Cullen, Scott, or Stamp-Vincent, that’s the question on Monday
The election race in this riding is so tight, say some political observers, that every vote could count in Monday’s federal election.
The Vancouver Sun last week named Skeena-Bulkley Valley as among BC’s closest races, and a riding which could potentially change hands on Jan. 23.
In the last federal election in June 2004, Nathan Cullen won the seat for the NDP by less than 1,300 votes over Conservative Andy Burton. His biggest rival this time around is Conservative candidate Mike Scott, who was MP for the area between 1993 and 2000, and who has come out of political retirement to try to defeat Mr. Cullen, who he has criticized for being an environmentalist opposed to oil and gas development and other industrial projects.
Mr. Cullen was in full campaign mode when we spoke to him this week, saying he had already knocked on over 1,000 doors in the vast riding and expected to knock on 1,000 more in the final days of the campaign.
“I’m pumped,” he said. “I’ll be putting in 17 or 18 hour days until election day.”
Mr. Cullen said he wasn’t tired by the intense schedule, because it’s similar to what he’s been doing for the past year and a half as MP, with one big advantage: no jet lag.
But he did admit that this campaign has taken on a different tone, compared to 2004.
“They took this nasty edge on right from the get-go,” he said about the Conservative campaign. “I’ve never seen it before. They’ve been really nasty, for sure.”
Nasty enough that, according to Mr. Cullen, he’s even getting support from a few Conservatives who don’t like their candidate’s negative tone.
And nasty enough that Liberal candidate Gordon Stamp-Vincent got up and left an all-candidates debate in Houston last week, after Mr. Scott said Liberals are corrupt.
“I took exception to that,” Mr. Stamp-Vincent told the Observer Monday as he arrived in Terrace after campaigning in the Nass Valley. “I just got tired of it. There are good and decent people who are members of the Liberal party.”
Mr. Stamp-Vincent said he asked Mr. Scott for an apology, and left the debate when he didn’t get one. However, two nights later the candidates were together again at a debate in Terrace, and “the tone of discourse was considerably improved,” he said.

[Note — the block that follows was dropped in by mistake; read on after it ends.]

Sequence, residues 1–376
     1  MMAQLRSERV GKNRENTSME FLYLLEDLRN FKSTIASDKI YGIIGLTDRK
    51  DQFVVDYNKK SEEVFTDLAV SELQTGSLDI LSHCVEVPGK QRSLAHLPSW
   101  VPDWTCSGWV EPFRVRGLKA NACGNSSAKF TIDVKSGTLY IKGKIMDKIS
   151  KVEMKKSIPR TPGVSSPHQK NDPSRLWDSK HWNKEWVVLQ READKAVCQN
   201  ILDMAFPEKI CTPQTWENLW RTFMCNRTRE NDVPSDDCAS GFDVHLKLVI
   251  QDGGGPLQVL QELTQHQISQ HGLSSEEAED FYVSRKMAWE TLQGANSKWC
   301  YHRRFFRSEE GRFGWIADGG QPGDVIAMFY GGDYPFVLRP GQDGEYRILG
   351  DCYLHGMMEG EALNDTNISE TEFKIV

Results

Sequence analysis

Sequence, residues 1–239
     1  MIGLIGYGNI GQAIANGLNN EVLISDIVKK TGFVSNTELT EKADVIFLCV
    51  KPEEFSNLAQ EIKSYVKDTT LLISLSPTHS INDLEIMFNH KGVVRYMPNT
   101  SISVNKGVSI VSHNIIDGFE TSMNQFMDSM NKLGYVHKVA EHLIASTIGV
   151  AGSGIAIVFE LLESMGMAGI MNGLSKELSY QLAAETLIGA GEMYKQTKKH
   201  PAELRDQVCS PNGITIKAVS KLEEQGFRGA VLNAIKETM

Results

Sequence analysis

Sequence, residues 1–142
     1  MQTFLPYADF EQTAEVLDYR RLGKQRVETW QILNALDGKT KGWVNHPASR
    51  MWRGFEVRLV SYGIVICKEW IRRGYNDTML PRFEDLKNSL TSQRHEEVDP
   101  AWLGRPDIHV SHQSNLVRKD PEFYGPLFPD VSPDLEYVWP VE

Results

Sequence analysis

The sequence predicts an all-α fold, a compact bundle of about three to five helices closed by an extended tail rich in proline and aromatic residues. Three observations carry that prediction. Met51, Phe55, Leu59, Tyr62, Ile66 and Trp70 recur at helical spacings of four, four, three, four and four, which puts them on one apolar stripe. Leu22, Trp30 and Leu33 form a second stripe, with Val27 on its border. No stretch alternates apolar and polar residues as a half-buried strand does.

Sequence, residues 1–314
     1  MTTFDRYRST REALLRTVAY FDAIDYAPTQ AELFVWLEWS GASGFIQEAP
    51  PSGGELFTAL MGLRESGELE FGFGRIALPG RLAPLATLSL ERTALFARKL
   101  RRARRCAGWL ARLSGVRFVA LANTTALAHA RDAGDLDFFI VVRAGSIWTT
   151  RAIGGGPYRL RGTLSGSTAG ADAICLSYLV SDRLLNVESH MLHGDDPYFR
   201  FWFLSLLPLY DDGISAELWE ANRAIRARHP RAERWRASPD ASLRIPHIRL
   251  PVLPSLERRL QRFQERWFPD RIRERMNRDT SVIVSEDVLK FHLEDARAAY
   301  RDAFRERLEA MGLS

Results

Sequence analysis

For the remaining few days of the campaign, Mr. Stamp-Vincent was planning to split his time between the vote-rich communities of Prince Rupert, Kitimat and Terrace, talking to as many voters as possible.
The voters he’s spoken to, especially in First Nations communities, share a concern about the Conservative Party and leader Stephen Harper, especially about his lack of commitment to the Kelowna Accord, an agreement reached between the federal government and First Nations in November which outlined a multi-year spending plan.
The fishing industry on the north coast is also a concern for Mr. Stamp-Vincent, who released a discussion paper on that issue this week.
“The fisheries up and down the coast is in a shambles. We need to see compensation paid, EI paid,” he said. “People are in bad, bad shape.”
Compensation is a short-term solution, and the longer term solution is more local control over fisheries, he said.
Meanwhile, Mr. Cullen said he’s hearing from voters who have bad memories of Mr. Scott’s previous terms as MP.
“He didn’t show up much when he was MP here and I think he had a pretty ruinous relationship with the First Nations,” Mr. Cullen said. In fact, Mr. Scott was one of the most vocal opponents of the Nisga’a treaty, which was signed during his tenure. “It’s a much more divisive way of doing politics.”
Mr. Cullen said one of the biggest surprises of his time in office has been that it is possible to get a lot done in Ottawa, even if you aren’t a member of the ruling party, if you concentrate on developing friendly relationships.
Skeena-Bulkley Valley received much more federal attention during the last government’s term and federal funding to the area has increased, he said. The achievement he is most proud of, he said, was working with others to secure federal money for Prince Rupert’s container port project.
Mr. Scott has criticized Mr. Cullen for not being “from” the north, as he is, and out of touch with rural values. Mr. Cullen, who grew up in Toronto and has lived in Smithers for the past eight or nine years, said it seems Mr. Scott thinks there are two classes of citizens, those who are “from” here and those who are not from here.
“What an awful message to send to the young families moving up here,” he said.
In the larger context, he said, First Nations have occupied the area for thousands of years, and other residents are all more recent arrivals.
Mr. Cullen also said his experience in Toronto has given him valuable skills in Ottawa.
“I like having both the rural and city perspectives,” he said. “I’ve lived both realities and I know how to talk to the city politicians and business people.”
Mr. Cullen, who visited the islands in November and December, said he doesn’t expect to have time to come back again before election day.
However, a couple of candidates are expected to be here in the final days. Rod Taylor of the Christian Heritage Party was scheduled to be in Queen Charlotte on Wednesday to meet with voters. We didn’t hear back from Mr. Scott before our deadline, but his campaign manager told us that there is a good possibility Mr. Scott will be coming to the islands on Friday (Jan. 20), depending on weather conditions.